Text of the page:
Hotmail update coming this week

Microsoft, which updated its downloadable Windows Live programs last week, plans to upgrade its online tools in the coming weeks, starting with an update to Windows Live Hotmail this week.

Ina Fried
Ina Fried Former Staff writer, CNET News
During her years at CNET News, Ina Fried changed beats several times, changed genders once, and covered both of the Pirates of Silicon Valley.
2 min read

Microsoft's downloadable Windows Live tools all got an update last week, but the "Wave 3" enhancements to its online services will take longer to crest.

The online tools, things such as Windows Live Skydrive, Windows Live Spaces, and so forth will all get updates in the coming weeks, though general manager Brian Hall declined to offer a specific timeline in an interview earlier Monday.

The new Windows Live Messenger beta lets you use a short video as your display picture, as well as change your display picture to match the "emoticon" you type. Microsoft

He did let slip that Windows Live Hotmail will be the first of the services to get an update--sometime this week. Hall said that the main focus of the update is speedier performance on slower machines, some of which could see the Web-based mail service run up to 70 percent faster.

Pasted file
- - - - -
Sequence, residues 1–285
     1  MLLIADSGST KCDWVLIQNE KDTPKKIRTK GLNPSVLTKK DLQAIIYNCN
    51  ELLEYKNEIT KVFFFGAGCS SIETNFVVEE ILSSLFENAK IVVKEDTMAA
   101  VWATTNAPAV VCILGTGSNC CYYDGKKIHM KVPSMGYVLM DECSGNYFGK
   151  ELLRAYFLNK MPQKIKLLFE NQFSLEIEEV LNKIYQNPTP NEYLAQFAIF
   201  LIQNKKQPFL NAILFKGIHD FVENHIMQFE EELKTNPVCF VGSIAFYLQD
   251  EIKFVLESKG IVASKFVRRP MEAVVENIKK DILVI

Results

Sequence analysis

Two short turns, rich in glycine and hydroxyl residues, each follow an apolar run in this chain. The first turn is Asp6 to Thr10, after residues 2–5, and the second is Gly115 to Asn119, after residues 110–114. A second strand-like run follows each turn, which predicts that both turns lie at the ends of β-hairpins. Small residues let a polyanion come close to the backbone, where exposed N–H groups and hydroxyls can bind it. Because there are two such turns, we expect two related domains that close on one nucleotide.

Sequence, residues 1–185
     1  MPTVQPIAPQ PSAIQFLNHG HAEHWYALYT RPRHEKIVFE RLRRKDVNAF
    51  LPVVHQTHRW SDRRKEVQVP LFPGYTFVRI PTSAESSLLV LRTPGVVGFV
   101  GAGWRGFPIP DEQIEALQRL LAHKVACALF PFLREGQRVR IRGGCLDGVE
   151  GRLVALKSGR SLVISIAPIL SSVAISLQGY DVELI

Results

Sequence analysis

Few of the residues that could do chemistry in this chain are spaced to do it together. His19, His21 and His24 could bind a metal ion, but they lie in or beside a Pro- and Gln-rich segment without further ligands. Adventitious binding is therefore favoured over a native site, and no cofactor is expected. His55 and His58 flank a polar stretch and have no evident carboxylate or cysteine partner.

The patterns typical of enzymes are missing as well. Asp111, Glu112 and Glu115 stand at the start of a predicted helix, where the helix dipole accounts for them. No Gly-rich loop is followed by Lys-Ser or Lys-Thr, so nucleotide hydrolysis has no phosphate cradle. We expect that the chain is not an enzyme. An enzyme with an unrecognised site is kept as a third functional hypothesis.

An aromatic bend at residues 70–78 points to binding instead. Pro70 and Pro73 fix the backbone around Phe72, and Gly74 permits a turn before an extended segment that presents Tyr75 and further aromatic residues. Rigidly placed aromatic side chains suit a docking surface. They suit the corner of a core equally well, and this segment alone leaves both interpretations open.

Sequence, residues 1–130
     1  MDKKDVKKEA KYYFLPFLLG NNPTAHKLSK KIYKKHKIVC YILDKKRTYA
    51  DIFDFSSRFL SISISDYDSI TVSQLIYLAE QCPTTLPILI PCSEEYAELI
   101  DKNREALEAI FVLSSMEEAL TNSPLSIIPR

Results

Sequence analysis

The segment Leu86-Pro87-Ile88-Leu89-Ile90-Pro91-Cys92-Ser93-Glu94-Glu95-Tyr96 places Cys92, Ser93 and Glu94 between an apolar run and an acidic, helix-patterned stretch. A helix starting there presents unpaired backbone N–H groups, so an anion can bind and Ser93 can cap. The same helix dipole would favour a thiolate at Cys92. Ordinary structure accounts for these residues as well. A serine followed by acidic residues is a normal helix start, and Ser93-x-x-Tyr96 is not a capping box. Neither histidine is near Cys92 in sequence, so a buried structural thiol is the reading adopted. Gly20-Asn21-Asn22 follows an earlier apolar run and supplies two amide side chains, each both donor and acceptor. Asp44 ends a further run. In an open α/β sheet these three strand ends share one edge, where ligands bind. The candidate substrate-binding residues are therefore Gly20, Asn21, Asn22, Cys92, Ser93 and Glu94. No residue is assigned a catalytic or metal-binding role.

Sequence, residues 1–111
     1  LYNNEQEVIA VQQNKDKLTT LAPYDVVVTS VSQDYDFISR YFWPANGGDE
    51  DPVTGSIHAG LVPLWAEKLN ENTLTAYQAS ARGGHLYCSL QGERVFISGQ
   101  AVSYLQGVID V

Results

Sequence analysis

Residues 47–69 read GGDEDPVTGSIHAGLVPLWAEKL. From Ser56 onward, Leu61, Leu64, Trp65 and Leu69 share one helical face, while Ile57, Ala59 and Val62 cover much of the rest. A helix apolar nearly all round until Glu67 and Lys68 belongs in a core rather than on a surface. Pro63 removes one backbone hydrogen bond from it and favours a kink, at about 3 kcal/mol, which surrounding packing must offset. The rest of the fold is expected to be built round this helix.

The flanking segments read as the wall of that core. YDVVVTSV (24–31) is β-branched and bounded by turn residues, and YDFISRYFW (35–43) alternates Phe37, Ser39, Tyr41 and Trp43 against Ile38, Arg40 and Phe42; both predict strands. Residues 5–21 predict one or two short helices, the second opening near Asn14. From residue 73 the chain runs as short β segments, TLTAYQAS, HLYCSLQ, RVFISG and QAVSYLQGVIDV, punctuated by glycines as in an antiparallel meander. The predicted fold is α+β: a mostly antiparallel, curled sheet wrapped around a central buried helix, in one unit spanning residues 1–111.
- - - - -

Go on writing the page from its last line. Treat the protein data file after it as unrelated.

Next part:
Hall said while the past few years have been about rapidly creating new services, the focus now has shifted toward making those different services work together.

"The next four years is really going to be a race to simplify the Web," Hall said. "The hard part is going to making sure they are accessible and usable by the broad masses."

I didn't get a direct answer on one of my biggest questions--what Microsoft plans to do come Windows 7 with its built-in tools like Movie Maker, Mail, and Photo Gallery. With Vista, Microsoft shipped each of these in non-Internet connected form as part of the operating system and then offered separate, but related, Windows Live versions.

The company would seem to have a few options come Windows 7. One would be to pull out the programs from the OS and offer only Internet-enabled Windows Live versions. A bold move would be to risk antitrust ire and ship the Live versions as part of Windows 7. Another would be to maintain the status quo.

Hall did make a comment about the declining utility of programs that lack the services component, suggesting to me that the first option might be the most likely, perhaps with links to download the programs as Microsoft does today with Windows Live Messenger.

He also conceded that the current approach is more than a little confusing.

"Today it is not a simple as it could be," he said. "The benefit we have to the approach we are taking is we are iterating on a regular basis."

As for last week's update, Hall did show one neat feature I missed in last week's update to Messenger. Although I noticed the ability to stay logged in on multiple devices (say two PCs or a PC and a phone), I didn't notice that you can now have a short video as your display picture. Also, you have the ability to have a different display picture appear when you type certain emoticons. I think I could have some fun with that one.